In my experience - and it sounds like we have a similar view on conversation - people who talk too much don't mind being interrupted themselves. It's like they belong to a different conversational culture. Whereas I don't like being interrupted (not, I hope, because I am full of myself, but because I think of conversation as a back-and-forth), other people expect it. Think of it as comparable to the Ask vs Guess cultures someone typologized.

So, I'd say, if you can, just interrupt them - they don't mind, they almost expect it. But, if you can't or won't do that, then it is almost impossible to be friends with such people since the mutual rewards and friendship building through conversation (there is a reason they call it social intercourse) is impossible.

The idea put forward above that you just clam up or don't give the appropriate social cues is, in my experience, unlikely to work. They aren't looking for or responding to the same social cues. Conversation is martial arts for these people - they expect to get hit, and passivity just means, hit harder.
posted by Rumple at 10:01 AM on February 13, 2012 [9 favorites]


I find holding up a hand and saying "Sorry, but..." accompanied by leaning forward a little and trying to make eye contact works ok. I'm kind of a talker-over, mostly because I tend to think aloud and need some time to work through my train of thought verbally, and I just want to get it all out. I'm so caught up that I need a couple of body language/verbal cues to snap me out of it. On the other hand, I'm aware that I have a problem with this- a more oblivious person might need a more abrupt approach, especially if they reaaaally think their words are more important than yours.
posted by MadamM at 10:10 AM on February 13, 2012 [1 favorite]


They have probably never learned how to engage in meaningful conversations. Or maybe they have unconsciously learned a destructive communication pattern because they are insecure or because they were never given enough space as kids. There are different ways to raise their level or awareness, ranging from the mildly rude to toxic levels of rudeness that would require getting a HAZMAT team involved.

If you value your relationship with these people, you need to direct their attention to this issue ("Heh, now you are talking too fast/much again") and explain why this is a problem ("I can't keep up / I've forgotten something important I wanted to say / you are not listening to me").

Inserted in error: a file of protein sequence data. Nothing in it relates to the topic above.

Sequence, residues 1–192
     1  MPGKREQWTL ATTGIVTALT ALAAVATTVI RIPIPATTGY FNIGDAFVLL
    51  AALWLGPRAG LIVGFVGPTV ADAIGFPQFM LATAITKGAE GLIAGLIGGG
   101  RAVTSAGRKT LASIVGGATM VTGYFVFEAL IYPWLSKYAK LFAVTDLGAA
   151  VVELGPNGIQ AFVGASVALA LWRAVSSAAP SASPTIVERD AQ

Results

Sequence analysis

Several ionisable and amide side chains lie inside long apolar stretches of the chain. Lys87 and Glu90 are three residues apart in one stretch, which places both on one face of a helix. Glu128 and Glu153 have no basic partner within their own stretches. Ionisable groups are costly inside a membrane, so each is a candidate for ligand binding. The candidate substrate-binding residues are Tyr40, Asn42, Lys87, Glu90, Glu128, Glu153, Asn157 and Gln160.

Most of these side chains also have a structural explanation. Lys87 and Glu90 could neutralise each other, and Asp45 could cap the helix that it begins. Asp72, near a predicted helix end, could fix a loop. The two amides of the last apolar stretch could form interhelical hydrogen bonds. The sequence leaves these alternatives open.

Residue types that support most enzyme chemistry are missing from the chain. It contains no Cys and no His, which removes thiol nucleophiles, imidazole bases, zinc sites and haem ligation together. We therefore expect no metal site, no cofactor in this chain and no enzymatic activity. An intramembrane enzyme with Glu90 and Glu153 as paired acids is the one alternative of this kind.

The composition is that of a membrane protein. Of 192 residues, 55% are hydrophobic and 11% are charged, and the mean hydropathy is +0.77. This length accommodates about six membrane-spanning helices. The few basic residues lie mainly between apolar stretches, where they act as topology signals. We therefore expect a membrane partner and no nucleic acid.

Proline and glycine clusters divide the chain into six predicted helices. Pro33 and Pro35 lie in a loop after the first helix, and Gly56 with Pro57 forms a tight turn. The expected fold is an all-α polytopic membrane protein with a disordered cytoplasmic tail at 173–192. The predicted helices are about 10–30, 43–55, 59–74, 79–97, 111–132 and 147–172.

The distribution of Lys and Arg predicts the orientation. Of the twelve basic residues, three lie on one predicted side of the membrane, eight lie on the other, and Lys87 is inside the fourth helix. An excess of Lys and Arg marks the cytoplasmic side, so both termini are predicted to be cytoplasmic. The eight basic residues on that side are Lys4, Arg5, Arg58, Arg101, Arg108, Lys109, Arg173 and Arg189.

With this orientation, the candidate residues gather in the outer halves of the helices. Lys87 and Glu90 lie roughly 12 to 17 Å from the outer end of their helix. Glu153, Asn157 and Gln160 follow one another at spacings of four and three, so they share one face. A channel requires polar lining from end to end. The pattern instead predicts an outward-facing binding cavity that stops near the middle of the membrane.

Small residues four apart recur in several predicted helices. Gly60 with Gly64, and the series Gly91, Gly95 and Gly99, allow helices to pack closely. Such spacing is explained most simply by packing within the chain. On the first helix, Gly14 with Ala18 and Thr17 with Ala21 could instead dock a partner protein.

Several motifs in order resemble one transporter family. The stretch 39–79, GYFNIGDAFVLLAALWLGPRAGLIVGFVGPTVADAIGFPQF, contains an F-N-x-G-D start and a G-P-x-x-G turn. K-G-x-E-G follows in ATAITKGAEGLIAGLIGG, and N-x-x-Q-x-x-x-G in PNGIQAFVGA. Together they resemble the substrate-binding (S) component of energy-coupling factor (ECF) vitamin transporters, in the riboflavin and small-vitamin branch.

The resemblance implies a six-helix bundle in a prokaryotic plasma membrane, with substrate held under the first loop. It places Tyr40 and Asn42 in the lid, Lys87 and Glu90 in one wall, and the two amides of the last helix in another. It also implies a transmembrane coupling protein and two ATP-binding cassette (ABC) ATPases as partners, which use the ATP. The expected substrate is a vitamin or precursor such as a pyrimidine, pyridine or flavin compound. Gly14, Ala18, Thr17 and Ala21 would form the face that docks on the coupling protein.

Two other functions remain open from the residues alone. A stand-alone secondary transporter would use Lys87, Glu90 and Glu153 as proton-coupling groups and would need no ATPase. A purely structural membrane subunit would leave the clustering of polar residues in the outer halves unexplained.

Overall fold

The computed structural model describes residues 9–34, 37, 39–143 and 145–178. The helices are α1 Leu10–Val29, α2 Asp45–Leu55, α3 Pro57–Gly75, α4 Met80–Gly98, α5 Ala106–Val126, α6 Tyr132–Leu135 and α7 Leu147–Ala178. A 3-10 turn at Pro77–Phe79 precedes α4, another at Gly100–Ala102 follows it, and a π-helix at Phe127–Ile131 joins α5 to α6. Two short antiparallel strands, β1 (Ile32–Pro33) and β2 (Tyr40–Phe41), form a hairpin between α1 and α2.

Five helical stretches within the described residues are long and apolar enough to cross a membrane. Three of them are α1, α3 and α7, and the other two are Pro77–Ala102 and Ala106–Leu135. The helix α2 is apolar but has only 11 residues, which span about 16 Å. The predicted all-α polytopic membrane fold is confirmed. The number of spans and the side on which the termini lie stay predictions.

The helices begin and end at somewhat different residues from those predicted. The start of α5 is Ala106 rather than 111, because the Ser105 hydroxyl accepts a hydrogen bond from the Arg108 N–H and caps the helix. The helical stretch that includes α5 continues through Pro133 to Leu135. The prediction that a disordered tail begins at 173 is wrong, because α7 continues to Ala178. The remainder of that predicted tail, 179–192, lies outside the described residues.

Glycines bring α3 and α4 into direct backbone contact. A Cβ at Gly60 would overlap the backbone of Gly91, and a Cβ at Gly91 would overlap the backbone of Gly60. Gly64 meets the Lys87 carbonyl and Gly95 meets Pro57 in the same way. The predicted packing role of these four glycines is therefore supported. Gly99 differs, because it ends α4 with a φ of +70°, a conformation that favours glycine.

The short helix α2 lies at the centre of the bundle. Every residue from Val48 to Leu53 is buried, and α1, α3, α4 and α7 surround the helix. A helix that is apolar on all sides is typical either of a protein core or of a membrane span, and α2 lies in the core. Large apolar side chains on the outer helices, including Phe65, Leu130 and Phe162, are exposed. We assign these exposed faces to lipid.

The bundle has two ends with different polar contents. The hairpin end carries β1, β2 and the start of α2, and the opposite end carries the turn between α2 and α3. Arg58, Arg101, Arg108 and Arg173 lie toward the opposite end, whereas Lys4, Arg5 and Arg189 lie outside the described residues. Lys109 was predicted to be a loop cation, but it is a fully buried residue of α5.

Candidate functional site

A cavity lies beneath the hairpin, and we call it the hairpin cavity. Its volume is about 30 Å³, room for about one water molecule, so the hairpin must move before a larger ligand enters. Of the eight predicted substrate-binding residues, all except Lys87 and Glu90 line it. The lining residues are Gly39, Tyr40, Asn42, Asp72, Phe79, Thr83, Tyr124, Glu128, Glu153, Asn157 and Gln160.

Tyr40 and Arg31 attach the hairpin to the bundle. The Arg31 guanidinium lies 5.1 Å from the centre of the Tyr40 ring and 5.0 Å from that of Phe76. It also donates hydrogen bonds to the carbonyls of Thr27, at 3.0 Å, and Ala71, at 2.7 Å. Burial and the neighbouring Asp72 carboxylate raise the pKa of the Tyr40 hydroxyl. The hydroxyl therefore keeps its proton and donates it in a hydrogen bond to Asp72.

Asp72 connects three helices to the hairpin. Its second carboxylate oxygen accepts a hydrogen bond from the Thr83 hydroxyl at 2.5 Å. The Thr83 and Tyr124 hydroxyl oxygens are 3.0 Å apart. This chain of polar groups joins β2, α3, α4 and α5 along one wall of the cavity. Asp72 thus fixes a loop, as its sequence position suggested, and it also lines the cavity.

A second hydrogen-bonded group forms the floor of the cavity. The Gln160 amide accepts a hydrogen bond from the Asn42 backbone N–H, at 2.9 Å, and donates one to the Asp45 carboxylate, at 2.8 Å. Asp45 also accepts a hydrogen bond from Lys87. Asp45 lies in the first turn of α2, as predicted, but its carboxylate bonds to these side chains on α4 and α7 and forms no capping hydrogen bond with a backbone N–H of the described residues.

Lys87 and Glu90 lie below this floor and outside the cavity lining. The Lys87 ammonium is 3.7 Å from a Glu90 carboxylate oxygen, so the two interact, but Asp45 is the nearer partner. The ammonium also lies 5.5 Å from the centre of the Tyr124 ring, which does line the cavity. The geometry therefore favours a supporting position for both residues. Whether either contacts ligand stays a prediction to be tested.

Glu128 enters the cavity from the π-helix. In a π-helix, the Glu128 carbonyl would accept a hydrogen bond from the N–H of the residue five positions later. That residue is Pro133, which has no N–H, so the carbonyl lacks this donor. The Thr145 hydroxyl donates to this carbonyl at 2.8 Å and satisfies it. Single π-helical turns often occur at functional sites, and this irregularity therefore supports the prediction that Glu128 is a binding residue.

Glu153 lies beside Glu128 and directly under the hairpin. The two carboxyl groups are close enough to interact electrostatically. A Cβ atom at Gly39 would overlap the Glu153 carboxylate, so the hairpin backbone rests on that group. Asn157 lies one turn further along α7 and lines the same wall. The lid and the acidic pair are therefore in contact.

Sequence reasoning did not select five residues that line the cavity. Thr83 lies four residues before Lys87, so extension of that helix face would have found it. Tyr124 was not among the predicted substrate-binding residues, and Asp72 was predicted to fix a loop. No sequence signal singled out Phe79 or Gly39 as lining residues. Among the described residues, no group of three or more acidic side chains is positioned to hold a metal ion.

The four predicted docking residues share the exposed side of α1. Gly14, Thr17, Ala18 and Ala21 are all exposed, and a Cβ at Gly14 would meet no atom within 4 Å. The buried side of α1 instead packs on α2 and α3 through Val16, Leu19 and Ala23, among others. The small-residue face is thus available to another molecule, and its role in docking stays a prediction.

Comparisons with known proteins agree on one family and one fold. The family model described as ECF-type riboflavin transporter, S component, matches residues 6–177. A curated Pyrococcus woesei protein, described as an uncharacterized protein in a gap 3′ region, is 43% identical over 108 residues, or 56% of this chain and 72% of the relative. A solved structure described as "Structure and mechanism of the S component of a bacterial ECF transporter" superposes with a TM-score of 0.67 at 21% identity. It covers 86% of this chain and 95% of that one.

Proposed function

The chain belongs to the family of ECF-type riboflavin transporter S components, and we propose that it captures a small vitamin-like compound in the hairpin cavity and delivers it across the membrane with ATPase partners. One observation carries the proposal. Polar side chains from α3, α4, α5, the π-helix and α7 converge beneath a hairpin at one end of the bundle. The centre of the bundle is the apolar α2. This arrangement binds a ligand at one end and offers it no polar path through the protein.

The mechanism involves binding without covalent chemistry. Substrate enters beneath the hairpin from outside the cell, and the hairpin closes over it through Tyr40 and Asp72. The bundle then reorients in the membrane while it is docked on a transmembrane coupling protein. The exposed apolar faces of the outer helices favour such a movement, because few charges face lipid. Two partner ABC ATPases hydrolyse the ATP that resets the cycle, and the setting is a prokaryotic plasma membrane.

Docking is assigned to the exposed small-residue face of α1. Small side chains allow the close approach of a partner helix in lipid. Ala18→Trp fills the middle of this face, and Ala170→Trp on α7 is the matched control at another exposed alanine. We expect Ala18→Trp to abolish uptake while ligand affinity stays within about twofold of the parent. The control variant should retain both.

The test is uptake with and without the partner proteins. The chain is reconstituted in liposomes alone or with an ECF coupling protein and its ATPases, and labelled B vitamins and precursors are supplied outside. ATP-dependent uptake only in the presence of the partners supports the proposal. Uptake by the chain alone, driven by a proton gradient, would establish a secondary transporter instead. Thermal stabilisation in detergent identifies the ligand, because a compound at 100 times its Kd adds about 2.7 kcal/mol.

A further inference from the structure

Delivery is incredibly important so that you don't come off as an insensitive jerk. Smile, laugh and generally show that you're half-kidding (even if you're not), that it isn't a huge deal (even if it is). No one wants to have their character flaws pointed out, so try to be as gentle and kind as you can.
posted by Foci for Analysis at 10:10 AM on February 13, 2012 [1 favorite]


I would like to second Rumple-I think I may belong to the class of people that do this, and think it's largely cultural-and definitely second that the person may not want to be rude at all, and may be somewhat frustrated themselves. It is very, very similar to Ask v Guess.

I am very used to loud, lively conversations, where interruptions are constant-where there are no real pauses in conversation, and the speech itself is very, very fast. You realize someone else has something to say when they "Break in", and then you let the conversation go for a while until you have something that you really want to say about what they're saying. You also judge the intensity of their interest by how engaged they are, and how willing to jump in they are.

Because you are trying to maintain the conversation, multiple conversational shifts may be signs of them trying to get you engaged in the conversation.